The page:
If you don’t already have one, you should get your own copy of The China Study by Dr. T. Colin Campbell of Cornell. In this “gold standard” book, he goes into great detail explaining with scientific proof why we not only do not “need” animal protein in our diets, but also why those animal foods are a large part of the problem with regards to our chronic diseases. As he explains, animal protein is associated with heart disease, cancer, stroke, type 2 diabetes and other chronic diseases.
Here are a few earlier posts on the protein topic that you might find helpful:
Protein—There’s only one way not to get enough of it…(posted on 3-11-12) Virtually every whole plant food has at least some protein in it—some a lot more than others.
Where do you get your protein? Just another look at some answers to the question that I hear more than any others. It took a lot of “repetition” to learn the wrong information about protein, and it’s going to take a lot of “repetition” to set it aside for the scientifically proven truth.
Where is Bill Clinton getting his protein these days? As you may know, back in the fall of 2010, our former president announced on CNN with Wolf Blitzer that he was now on a plant-based diet with “no meat and no dairy.” Not to lose weight, but to reverse heart disease. When a former president starts casting aside the nutritional “wisdom” of the USDA Food Pyramid in favor of a plant-based diet, it is time for you to start paying attention. You can see this 2-minute clip on the Video tab of this site.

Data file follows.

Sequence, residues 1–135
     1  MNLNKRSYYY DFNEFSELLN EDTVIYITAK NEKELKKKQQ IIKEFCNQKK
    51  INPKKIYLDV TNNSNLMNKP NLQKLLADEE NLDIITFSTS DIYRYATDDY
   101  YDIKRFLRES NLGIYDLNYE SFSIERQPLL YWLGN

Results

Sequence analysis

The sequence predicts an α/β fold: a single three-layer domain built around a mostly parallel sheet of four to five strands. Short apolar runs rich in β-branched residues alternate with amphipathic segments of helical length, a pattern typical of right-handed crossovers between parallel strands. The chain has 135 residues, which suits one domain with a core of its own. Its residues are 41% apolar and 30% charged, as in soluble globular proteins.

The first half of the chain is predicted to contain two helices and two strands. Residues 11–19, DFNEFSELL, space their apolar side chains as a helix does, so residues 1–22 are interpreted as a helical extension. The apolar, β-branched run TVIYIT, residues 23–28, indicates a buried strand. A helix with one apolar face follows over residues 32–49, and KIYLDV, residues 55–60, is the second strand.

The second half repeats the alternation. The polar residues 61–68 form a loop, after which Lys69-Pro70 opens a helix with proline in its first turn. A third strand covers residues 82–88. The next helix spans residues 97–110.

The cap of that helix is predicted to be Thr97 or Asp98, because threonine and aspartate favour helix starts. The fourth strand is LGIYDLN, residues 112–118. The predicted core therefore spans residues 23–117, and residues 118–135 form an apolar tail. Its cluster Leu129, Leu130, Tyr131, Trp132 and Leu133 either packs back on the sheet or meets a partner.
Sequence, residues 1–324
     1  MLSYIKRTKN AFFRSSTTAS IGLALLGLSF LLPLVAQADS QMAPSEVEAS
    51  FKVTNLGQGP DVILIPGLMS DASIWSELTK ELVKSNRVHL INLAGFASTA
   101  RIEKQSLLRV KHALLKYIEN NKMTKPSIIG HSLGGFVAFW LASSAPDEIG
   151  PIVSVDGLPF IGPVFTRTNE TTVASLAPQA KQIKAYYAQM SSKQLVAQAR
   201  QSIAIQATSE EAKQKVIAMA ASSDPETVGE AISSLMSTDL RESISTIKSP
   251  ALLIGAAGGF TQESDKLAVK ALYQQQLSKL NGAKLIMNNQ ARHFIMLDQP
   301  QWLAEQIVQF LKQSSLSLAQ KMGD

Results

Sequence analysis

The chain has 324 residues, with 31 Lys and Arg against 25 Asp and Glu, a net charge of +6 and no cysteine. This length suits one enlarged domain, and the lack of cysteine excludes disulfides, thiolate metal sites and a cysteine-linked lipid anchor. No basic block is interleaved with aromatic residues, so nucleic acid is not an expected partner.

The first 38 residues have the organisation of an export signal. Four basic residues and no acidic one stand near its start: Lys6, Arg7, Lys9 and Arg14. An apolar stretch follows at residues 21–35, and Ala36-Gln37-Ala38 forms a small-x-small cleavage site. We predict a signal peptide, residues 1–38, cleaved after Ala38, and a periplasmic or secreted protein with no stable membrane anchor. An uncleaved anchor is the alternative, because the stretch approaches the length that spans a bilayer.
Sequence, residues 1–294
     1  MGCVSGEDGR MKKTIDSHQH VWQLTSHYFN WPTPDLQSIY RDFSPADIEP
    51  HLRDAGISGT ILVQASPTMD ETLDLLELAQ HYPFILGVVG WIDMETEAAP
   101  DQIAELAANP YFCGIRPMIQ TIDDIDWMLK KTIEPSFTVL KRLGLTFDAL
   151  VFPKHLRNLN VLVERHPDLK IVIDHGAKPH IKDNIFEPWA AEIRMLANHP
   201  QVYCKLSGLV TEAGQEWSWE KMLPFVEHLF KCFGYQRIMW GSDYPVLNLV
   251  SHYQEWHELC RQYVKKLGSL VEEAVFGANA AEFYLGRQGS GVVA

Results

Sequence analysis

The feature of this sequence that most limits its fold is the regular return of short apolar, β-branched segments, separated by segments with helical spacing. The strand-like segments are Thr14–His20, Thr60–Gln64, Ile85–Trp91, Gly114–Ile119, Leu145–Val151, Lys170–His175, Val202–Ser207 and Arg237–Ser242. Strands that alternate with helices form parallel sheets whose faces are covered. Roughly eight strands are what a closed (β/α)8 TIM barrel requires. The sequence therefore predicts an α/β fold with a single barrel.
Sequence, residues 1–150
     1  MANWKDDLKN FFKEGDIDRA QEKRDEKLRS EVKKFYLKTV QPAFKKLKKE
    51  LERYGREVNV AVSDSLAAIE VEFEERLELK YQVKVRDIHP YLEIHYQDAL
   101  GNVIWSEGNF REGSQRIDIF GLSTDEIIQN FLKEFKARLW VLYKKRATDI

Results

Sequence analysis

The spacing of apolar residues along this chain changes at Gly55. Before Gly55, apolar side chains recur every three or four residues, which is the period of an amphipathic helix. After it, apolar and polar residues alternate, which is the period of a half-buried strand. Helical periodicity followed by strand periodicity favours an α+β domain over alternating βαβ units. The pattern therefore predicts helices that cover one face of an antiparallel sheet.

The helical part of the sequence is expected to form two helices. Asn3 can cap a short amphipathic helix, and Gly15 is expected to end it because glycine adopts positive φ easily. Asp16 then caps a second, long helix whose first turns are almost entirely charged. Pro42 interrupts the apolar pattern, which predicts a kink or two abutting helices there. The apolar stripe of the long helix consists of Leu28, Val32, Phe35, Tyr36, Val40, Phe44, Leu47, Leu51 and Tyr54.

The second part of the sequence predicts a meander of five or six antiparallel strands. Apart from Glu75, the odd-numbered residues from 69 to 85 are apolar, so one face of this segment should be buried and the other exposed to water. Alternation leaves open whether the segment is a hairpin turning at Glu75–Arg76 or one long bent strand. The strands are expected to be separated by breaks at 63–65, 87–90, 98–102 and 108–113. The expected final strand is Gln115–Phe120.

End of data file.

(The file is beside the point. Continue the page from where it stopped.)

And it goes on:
Vitamin B-12, omega-3s; a few questions — Let me hear yours. Tony Gonzalez, all-pro tight end for the Atlanta Falcons is featured in this one. After reading The China Study a few years ago, he met with Dr. Campbell and shifted to a near 100% plant-based diet — and reportedly, he is now stronger than ever.
Michelle Obama…coming up short on healthy eating While Michelle is doing a lot of great things, she could be a much greater influence if she really understood what Bill Clinton now knows about a health-promoting plant-based diet.
“Academic freedom” in nutritional science…a scary story As you may know, medical doctors are not trained how to prevent or reverse disease in med school. They are taught how to treat symptoms, not causes; they are taught to diagnose, prescribe drugs, and conduct procedures. But, you would think that the nation’s elite schools of nutrition would be teaching the absolute best ways to promote our health with food. Unfortunately, not YET.
Humans “need” no animal products—EVER! (6-23-13). Many vegetarians continue to believe that they “need” to add some animal foods to their diets in order to make sure they get enough of all the essential nutrients. I do not believe that “any” animal products are necessary or desirable—and neither do my colleagues at the T. Colin Campbell Foundation. In our 4Leaf approach, we try to give people a little “wiggle room” in the interest of a broader acceptance of a “mostly whole plants” dietary regimen. We simply encourage everyone to derive the vast majority of their calories from whole plants.